People in the United States like to believe in "American exceptionalism," the notion that the nation's military, economic and moral superiority make it an exception among the countries of the world. With nearly 55,000 confirmed lives lost in the United States so far and widespread economic disruption from the coronavirus, it is increasing apparent that America could learn a thing or two from how other democracies are managing the pandemic.
Taiwan, for example, never ordered a lockdown. Its baseball season is in full swing, if without crowds, and the country is so flush with pandemic supplies that it is exporting 10 million masks to America and elsewhere.
Under Iceland's "lockdown lite," kindergartens and elementary schools are on limited operations, allowing parents to work. South Korea's malls and restaurants are bustling.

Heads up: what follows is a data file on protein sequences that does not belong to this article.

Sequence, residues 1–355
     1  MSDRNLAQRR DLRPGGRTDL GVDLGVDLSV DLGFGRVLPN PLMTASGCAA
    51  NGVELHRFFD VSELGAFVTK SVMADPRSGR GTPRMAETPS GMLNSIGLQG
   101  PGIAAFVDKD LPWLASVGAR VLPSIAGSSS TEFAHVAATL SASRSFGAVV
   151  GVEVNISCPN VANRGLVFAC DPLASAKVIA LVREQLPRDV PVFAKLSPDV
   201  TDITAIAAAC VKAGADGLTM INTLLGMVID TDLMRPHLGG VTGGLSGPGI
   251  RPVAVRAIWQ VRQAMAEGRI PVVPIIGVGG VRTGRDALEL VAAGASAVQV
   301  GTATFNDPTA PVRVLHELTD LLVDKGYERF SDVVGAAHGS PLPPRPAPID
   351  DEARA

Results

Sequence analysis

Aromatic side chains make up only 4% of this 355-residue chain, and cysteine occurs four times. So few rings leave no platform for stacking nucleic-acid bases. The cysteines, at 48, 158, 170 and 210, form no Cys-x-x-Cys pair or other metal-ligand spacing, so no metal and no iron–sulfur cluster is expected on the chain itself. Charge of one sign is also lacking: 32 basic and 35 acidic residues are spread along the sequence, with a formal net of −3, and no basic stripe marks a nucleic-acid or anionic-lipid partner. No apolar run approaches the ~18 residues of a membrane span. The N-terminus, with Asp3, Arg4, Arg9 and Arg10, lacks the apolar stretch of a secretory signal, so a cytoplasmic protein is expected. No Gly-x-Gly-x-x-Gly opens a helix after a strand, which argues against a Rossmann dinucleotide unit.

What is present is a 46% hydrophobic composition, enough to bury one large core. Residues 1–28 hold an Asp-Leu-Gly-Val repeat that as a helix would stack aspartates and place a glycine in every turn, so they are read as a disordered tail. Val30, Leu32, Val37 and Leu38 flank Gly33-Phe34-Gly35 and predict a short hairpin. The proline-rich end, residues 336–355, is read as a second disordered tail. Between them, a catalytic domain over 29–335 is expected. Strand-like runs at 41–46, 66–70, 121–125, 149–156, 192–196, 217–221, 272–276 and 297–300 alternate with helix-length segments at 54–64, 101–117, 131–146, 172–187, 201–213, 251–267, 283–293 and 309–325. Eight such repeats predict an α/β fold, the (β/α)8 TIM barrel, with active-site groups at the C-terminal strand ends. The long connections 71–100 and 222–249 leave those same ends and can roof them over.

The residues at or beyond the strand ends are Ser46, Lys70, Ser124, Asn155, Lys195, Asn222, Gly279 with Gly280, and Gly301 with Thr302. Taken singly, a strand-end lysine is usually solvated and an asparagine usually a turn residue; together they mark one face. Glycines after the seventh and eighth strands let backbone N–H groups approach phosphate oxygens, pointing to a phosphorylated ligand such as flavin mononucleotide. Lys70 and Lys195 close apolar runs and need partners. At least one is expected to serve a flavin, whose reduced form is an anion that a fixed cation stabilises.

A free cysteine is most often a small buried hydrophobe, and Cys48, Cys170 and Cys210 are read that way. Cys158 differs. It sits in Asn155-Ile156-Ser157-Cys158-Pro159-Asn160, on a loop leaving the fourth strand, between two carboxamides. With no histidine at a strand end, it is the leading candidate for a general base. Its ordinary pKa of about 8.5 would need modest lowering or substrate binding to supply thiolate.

Constraints are being eased in New Zealand and in Germany, which sits at the center of a European continent stricken with COVID-19.
USA 7th in pandemic death rates
The rate of coronavirus deaths in these five countries — three of which are led by women — is significantly less than that in the United States, which has lost more people to the virus than any nation and has the world's seventh highest COVID-19 mortality rate.